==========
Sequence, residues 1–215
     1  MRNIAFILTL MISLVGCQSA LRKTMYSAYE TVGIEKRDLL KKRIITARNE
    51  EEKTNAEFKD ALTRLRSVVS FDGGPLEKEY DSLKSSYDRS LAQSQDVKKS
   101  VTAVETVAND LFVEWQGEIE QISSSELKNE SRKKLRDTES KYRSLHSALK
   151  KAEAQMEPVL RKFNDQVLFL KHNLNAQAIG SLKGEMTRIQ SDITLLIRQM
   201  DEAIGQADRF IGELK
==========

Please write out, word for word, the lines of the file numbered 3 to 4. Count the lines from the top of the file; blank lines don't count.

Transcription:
    51  EEKTNAEFKD ALTRLRSVVS FDGGPLEKEY DSLKSSYDRS LAQSQDVKKS
   101  VTAVETVAND LFVEWQGEIE QISSSELKNE SRKKLRDTES KYRSLHSALK